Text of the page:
When buying a helmet you pay most attention to price, painting, accessories to improve comfort, and very rarely to the design and type of materials from which it was made. On the contrary, it should be quite the opposite because in the event of an accident this helmet is the most important protection of the pilot..
The material in which the helmet shell is made has a great impact on its durability, weight, and above all safety, so our airborne sports helmets are made exclusively of materials offering the highest levels of protection - fiber glass and carbon fiber. For the same reason we do not have ABS, resin, thermoplastic or polycarbonate shell in our offer.
Below we present the main differences between fiber glass and carbon fiber, which knowledge will help in selecting the optimum set.
Manufacturers make fiberglass and carbon fiber helmets in a fairly similar way. The only real differences are the chemical compositions of the solutions used to build the shell. Strands of fibers are gradually built up in layers inside a mold. The manufacturer seals each layer in place with a resin, which is allowed to dry before pasting the next layer over the top. The fibers in each layer run at different angles to each other, creating greater torsional strength between the layers.
Carbon fiber is significantly lighter than fiberglass. It's common in aircraft, sports cars and military equipment for this reason. A lightweight helmet improves pilot safety because it reduces fatigue. Helmet design is usually a trade-off between the different properties of a material. The lighter a helmet is, the easier it is for the rider to wear, but if it's too light, the strength will be compromised..
Fiberglass is a strong and tested material that can provide effective protection. However, compared to carbon fiber it is more brittle and tends to dissipate the impact energy through disintegration. In most cases this is not a problem; The helmet absorbs impact and the pilot is safe. However, when the accident is more complex (which often happens in air sports) and the helmet has to "absorb" several times the impact energy, the fiberglass crust may break prematurely, exposing the user to injury at subsequent stages of the accident. Carbon fiber, with much more flexibility, will better behave in such a situation, providing a higher level of protection.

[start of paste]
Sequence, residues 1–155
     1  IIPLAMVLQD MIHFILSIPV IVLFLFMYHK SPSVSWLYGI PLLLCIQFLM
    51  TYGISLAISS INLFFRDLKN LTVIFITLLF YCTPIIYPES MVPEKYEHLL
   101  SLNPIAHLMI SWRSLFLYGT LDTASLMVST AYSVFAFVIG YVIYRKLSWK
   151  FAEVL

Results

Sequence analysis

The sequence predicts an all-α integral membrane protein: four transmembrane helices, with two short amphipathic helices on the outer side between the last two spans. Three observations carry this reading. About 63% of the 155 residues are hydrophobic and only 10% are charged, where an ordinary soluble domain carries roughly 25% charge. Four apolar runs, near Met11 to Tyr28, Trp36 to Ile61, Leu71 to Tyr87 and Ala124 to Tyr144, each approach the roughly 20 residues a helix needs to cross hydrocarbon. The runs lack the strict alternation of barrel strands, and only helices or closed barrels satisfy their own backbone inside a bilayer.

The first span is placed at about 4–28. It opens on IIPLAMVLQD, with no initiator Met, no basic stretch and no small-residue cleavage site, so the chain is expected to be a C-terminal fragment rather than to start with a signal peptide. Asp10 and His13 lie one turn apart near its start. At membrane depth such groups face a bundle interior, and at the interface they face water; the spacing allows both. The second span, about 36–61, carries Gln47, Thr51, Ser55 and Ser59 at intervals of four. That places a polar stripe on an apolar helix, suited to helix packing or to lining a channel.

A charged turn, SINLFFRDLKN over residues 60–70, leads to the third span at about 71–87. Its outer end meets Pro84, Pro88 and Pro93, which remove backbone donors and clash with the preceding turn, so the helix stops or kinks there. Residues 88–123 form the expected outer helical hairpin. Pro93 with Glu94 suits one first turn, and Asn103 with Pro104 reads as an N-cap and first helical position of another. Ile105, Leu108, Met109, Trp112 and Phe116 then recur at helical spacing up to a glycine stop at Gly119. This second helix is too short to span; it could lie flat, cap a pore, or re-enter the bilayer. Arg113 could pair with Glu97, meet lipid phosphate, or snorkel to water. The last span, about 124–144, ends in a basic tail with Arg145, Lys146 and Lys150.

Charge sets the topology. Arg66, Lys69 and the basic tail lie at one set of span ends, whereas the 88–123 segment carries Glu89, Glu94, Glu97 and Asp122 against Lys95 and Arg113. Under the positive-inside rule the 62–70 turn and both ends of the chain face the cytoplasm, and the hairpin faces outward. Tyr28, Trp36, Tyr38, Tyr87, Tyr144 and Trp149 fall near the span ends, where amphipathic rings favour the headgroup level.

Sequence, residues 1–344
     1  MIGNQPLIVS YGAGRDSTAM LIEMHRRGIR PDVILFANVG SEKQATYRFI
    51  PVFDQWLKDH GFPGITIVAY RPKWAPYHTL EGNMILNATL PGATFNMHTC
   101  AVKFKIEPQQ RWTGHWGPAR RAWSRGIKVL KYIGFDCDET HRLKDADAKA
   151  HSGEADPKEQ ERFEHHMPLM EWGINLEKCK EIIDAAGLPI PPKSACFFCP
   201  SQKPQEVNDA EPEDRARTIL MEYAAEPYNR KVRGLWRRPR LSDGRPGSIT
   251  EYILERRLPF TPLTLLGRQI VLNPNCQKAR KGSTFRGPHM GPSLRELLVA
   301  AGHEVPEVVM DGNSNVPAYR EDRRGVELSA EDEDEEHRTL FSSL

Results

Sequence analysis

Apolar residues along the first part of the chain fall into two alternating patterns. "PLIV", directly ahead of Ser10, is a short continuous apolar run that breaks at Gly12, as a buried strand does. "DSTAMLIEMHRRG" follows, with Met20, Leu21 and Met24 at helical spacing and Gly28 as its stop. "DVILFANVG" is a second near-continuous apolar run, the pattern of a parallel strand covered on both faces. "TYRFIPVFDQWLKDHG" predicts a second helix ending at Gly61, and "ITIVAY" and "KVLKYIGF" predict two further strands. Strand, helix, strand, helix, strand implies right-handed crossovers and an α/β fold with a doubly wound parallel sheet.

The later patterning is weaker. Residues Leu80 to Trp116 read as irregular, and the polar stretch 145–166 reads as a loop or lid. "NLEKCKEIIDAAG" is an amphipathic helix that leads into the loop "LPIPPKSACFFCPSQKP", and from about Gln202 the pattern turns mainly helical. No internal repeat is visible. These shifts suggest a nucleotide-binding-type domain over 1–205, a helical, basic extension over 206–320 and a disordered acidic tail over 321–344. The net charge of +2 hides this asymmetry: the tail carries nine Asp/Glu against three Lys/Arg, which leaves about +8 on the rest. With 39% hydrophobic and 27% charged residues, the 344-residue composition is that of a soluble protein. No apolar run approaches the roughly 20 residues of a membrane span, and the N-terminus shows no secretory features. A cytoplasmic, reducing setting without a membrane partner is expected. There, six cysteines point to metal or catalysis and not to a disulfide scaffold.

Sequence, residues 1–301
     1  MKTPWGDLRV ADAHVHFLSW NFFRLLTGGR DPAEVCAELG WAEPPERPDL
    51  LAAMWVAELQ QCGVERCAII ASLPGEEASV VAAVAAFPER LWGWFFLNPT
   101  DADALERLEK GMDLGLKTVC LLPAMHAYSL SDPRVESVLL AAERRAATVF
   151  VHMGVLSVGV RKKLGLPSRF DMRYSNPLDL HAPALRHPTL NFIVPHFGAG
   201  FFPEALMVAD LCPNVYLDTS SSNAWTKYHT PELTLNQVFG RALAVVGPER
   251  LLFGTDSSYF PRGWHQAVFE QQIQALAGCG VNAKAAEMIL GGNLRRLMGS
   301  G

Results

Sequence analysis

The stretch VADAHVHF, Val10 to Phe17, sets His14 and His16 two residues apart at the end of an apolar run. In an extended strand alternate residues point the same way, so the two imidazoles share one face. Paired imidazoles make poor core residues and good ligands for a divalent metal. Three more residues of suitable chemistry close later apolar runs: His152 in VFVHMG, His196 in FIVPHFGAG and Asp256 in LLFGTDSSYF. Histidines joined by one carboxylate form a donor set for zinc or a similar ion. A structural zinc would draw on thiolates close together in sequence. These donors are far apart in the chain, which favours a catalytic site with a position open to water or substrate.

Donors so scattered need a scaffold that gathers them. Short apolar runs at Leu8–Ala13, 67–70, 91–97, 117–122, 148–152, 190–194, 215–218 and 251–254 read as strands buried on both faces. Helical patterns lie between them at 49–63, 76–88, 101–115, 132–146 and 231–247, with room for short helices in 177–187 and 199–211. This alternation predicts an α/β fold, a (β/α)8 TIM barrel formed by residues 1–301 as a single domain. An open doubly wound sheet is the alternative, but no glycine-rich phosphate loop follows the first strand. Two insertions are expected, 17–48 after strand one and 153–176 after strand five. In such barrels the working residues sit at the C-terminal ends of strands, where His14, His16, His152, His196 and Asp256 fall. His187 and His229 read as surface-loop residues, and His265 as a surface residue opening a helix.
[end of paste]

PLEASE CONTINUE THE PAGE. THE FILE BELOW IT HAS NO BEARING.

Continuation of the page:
As opposed to most other materials, carbon fiber has a negative coefficient of thermal expansion. This means that it expands when the temperature lowers. This is a desirable quality for applications that have to operate in a wide range of temperatures. For this reason, the helmet is made of carbon fiber much better suited for year-round use than its fiberglass counterpart.
Nothing is eternal. During operation, the shell of the helmet is affected by many external factors such as temperature, UV radiation, moisture. This makes the material from which the shell is made is subject to gradual degradation decreasing its original parameters. In this respect, carbon fiber is much more resistant to “aging" than its glass counterpart. NAVCOMM recommends, depending on the intensity of use, to replace the fiberglass helmets every 3 to 5 years, and carbon fiber at the latest after 7 years.
Fiberglass has always been the cheaper option for airborne sports helmets. Carbon fiber is a "prestige" material and commands a high price tag due to its higher costs of production and manufacturing. In some ways, this reflects the appropriate market for each type. The high-priced carbon helmets are more likely to be purchased by people riding high-performance race-ready machines, that are more likely to be involved in high-speed crashes that would require the additional protection. Fiberglass helmets are more than adequate for those riders on slower machines, more likely to be involved in minor spills.
As the DEKRA experts has shown, the gluing or painting of the helmet, due to the fact that the solvents contained in the stickers and varnishes damage the surface of the helmet can be a reason of violates shell's stability. The same effect results in the execution of additional holes in the shell, for example under the brackets for cameras.